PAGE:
We learn more about Martha in John 11. Lazarus, Martha and Mary’s brother, becomes ill. His illness is concerning enough that the women send a message to Jesus about Lazarus’ illness (Jn. 11:3). Jesus loved Martha, Mary and Lazarus – but He told His disciples that He was not going right away to see them. By the time Jesus arrives, Lazarus has been buried for four days. The family has been through Lazarus’ illness, his death, and his funeral. They are now mourning the loss of their brother with friends and family.

Martha learns that Jesus is on His way, and she does not wait for Him to get to the house. She runs out to meet Him without getting Mary. When Martha sees Jesus she expresses her certainty that Lazarus would not have died if Jesus had been there. And more than that she says, “Even now I know that whatever You ask of God, God will give You” (Jn. 11:22). Her faith in Jesus has not wavered despite His coming so long after they had sent for Him. Jesus reassured her that Lazarus will rise again. Martha agrees, thinking He means on the resurrection day. Jesus corrects her saying, “I am the resurrection and the life; he who believes in Me will live even if he dies, and everyone who lives and believes in Me will never die. Do you believe this?” Martha then makes the same confession that Peter made – that Jesus is the Christ, the Son of God (Jn. 11:27; Mt. 16:16). Martha is not lacking in her knowledge or her faith!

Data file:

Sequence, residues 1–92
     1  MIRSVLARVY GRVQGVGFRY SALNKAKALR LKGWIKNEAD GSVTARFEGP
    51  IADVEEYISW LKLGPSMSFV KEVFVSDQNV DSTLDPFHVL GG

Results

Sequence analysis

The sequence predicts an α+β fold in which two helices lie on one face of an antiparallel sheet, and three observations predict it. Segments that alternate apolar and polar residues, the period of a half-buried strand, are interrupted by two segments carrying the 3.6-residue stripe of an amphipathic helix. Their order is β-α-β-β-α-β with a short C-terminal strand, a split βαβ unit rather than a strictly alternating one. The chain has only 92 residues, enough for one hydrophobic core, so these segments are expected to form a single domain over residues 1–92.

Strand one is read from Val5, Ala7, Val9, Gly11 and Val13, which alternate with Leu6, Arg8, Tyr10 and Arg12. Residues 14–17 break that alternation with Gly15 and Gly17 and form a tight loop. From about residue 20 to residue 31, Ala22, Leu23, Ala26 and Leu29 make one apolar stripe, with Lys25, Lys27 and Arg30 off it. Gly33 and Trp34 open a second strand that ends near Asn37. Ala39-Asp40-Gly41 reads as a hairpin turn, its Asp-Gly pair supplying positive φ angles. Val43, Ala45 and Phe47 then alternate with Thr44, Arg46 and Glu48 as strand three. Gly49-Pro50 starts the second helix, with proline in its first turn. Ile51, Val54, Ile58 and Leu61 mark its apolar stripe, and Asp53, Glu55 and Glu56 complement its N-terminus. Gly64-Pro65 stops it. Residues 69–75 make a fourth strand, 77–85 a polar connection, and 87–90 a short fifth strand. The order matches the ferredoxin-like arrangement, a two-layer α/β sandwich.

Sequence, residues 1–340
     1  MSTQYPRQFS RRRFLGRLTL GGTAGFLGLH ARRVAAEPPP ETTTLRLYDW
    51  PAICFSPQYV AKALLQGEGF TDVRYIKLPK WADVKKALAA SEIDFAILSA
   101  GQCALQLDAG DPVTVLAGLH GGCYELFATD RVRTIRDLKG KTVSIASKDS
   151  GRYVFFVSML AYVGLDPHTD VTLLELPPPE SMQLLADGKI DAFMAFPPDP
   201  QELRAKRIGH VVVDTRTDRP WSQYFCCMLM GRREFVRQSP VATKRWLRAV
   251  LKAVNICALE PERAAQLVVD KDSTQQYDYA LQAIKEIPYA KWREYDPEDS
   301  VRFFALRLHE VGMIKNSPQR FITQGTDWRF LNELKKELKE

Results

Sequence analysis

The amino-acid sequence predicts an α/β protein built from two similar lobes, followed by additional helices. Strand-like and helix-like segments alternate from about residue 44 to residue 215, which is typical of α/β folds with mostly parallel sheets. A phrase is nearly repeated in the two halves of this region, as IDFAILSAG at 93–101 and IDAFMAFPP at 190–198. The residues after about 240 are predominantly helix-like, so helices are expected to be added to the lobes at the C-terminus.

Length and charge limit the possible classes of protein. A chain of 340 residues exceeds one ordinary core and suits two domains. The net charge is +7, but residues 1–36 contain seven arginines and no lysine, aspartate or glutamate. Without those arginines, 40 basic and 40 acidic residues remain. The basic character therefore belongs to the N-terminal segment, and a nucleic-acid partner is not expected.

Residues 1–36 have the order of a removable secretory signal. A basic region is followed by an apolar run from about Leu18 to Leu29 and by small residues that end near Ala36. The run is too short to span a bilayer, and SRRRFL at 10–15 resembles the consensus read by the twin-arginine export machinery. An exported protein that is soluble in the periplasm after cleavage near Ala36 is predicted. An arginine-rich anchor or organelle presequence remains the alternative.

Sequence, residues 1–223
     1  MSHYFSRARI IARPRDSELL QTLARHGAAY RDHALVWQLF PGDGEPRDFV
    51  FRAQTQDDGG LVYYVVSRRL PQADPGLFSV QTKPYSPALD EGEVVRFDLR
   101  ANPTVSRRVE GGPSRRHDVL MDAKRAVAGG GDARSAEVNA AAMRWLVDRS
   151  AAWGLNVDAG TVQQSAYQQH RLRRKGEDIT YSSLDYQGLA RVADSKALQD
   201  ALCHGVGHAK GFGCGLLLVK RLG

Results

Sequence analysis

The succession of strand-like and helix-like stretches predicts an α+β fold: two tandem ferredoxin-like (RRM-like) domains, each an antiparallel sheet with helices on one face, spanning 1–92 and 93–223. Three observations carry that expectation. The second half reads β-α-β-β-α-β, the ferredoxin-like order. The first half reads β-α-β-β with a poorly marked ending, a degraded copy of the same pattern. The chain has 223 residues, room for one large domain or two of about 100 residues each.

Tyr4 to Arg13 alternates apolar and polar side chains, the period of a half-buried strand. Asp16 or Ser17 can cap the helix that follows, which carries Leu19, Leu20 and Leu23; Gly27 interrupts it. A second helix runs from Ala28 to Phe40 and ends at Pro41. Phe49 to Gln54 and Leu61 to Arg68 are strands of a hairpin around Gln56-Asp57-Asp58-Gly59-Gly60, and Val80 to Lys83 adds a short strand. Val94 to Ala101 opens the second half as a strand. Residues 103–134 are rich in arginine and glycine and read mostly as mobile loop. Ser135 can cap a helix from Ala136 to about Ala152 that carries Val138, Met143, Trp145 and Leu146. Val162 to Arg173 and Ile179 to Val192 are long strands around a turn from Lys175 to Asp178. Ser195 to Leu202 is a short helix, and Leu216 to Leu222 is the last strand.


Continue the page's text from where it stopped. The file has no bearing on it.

Martha goes home and tells Mary that Jesus wants to see her too. Mary’s emotional state and the support of her friends moves Him to tears (Jn. 11:33, 35). He asks to see the tomb. Arriving at Lazarus’ tomb, Jesus tells them to remove the stone. Martha speaks up saying that Lazarus has been dead for four days, so it is not going to be pleasant in the tomb (Jn. 11:39). Jesus reminds her of what He just told her that she would see. Jesus prays to God and Lazarus comes out of the tomb in all of his burial wrappings (Jn. 12:44). This made many of those who were there supporting Mary to believe in Jesus.

I mentioned yesterday that Mary and Martha were different. Mary was more spiritual and Martha more physical. Not in a negative or positive way. Just in the way they approach their day. I find it interesting that even though both women are mourning the loss of their brother – Martha is much more practical. She is not in tears when she speaks with Jesus. She is aware enough of her surroundings to pick up on the fact that people are saying He is in town and coming their way. Mary on the other hand, is emotional and in need of the support of many friends. Neither woman is wrong – they just process things differently. Mary’s deep emotional response moves Jesus to tears, while He had a deep conversation with Martha. The same is seen in John 12 when Mary anoints Jesus’ head and feet while Martha is again serving those gathered to see Jesus (Jn. 12:1-3).